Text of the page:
- Then check if that heading is included below. (Headings for which there is no comment are not included.)
- ACNC Register (including links)
- Google search on the charity’s names (see Charity Details, below), and its ‘controlled entity’ African Enterprise New Zealand Limited.
- AEA website, Facebook, LinkedIn. (The other social media sites at the bottom of any website page are for AE internationally.)
- AEA blog.
- State government fundraising licence registers.
- Email response, on 19 August, from Richard Eggington, CEO Australia.
- GreatNonprofits (for the US organisation)
- Guidestar (for the US organisation)
- Charity Commission (for the UK organisation)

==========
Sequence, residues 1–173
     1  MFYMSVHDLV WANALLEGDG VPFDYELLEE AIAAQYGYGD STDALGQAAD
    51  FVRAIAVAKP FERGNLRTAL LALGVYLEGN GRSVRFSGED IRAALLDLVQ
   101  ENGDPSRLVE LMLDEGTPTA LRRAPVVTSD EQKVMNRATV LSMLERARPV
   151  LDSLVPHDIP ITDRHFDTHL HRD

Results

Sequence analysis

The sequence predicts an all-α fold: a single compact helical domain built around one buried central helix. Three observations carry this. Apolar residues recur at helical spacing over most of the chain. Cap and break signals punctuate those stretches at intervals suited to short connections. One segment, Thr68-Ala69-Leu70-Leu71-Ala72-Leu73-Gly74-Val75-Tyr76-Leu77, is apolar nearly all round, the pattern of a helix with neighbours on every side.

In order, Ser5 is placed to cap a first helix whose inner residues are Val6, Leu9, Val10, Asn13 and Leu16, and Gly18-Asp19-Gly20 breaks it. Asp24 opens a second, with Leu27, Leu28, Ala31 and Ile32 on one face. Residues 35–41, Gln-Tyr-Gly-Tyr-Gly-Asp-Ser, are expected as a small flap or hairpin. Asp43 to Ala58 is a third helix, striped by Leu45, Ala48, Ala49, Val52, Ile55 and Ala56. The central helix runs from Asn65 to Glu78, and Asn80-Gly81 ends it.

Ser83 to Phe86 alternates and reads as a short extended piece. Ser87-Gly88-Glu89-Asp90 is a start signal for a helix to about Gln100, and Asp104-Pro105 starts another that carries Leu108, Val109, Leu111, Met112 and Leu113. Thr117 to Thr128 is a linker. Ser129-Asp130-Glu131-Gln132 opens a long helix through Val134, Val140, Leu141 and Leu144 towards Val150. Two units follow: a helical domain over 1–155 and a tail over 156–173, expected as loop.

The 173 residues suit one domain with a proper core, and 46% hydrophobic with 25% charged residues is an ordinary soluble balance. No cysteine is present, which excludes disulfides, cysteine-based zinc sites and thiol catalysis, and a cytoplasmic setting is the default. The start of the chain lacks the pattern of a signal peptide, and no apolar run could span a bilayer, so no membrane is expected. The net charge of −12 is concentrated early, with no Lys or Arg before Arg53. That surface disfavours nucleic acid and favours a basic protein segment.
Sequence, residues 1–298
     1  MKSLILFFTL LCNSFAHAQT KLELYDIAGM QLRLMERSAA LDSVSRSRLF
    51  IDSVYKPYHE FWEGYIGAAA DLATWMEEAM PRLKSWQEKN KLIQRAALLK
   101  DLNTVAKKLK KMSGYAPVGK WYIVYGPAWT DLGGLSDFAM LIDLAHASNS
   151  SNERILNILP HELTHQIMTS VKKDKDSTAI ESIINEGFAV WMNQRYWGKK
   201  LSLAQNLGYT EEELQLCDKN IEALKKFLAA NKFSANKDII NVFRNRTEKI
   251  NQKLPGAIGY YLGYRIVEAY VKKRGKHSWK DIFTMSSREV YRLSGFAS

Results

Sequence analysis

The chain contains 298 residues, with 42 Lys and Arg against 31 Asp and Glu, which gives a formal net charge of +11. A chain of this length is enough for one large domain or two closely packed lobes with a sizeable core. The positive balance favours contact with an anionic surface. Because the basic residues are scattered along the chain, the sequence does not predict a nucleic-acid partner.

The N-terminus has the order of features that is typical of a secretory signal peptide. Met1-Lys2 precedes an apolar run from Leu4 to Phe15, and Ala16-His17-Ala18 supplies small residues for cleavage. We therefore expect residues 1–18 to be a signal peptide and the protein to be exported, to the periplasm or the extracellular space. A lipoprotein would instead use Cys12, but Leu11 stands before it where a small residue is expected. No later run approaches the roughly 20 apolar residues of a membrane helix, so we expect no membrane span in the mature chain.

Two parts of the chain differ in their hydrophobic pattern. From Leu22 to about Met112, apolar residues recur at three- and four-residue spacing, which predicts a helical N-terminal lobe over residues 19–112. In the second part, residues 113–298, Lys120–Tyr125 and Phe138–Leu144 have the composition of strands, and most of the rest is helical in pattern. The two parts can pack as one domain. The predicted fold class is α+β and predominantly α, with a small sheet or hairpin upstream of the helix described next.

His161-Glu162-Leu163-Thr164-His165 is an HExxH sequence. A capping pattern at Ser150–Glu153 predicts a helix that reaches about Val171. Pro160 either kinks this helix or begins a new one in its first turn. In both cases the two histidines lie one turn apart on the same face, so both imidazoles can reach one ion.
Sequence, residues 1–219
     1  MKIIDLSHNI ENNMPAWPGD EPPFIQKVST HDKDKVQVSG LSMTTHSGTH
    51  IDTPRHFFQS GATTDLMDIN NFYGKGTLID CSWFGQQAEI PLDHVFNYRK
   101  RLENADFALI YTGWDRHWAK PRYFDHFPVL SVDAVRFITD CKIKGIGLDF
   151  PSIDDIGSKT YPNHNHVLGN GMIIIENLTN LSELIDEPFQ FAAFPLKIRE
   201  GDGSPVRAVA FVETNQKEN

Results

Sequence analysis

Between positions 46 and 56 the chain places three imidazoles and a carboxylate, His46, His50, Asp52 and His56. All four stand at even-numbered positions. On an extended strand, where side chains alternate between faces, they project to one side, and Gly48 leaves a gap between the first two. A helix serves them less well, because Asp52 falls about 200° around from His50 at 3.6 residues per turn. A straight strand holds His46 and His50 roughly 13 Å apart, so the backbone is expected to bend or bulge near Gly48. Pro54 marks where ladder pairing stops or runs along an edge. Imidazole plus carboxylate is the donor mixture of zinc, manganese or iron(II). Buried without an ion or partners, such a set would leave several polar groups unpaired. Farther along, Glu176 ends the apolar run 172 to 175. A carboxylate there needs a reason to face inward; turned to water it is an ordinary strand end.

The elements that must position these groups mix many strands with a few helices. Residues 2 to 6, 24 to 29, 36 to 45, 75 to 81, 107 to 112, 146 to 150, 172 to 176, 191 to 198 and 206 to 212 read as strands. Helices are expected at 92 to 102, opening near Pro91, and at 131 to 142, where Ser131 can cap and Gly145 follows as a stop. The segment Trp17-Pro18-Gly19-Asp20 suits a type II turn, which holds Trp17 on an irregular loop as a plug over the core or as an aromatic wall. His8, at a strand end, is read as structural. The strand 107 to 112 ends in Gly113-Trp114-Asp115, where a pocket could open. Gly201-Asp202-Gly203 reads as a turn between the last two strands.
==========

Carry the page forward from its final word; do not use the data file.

- And this one?
- The NZ register of charities (for the NZ organisation)
- Tax deductibility: A tax deduction can be claimed for a donation to a fund run by AE, the African Enterprise Aid and Development Fund, but not to AE’s main activity of spreading the Gospel.
- The Fund is not mentioned by name in the Annual Report[ii]; however, it is what the Report (page 2) is talking about when it says that AEA ‘has been endorsed by the Australian Taxation Office as a Deductible Gift Recipient (DGR) to operate an Overseas Aid DGR’.
- It then lists seven of the eight states/territories and a registration/licence number for each. However, these are licences for fundraising, not tax deductible donations.
- The Fund is not mentioned in the Financial Report, and it is not possible to tell from the information given for revenue, how much was given to it.
- The Fund is not mentioned on the website, but presumably it is the right hand side giving option on the website here.
Charity Street Address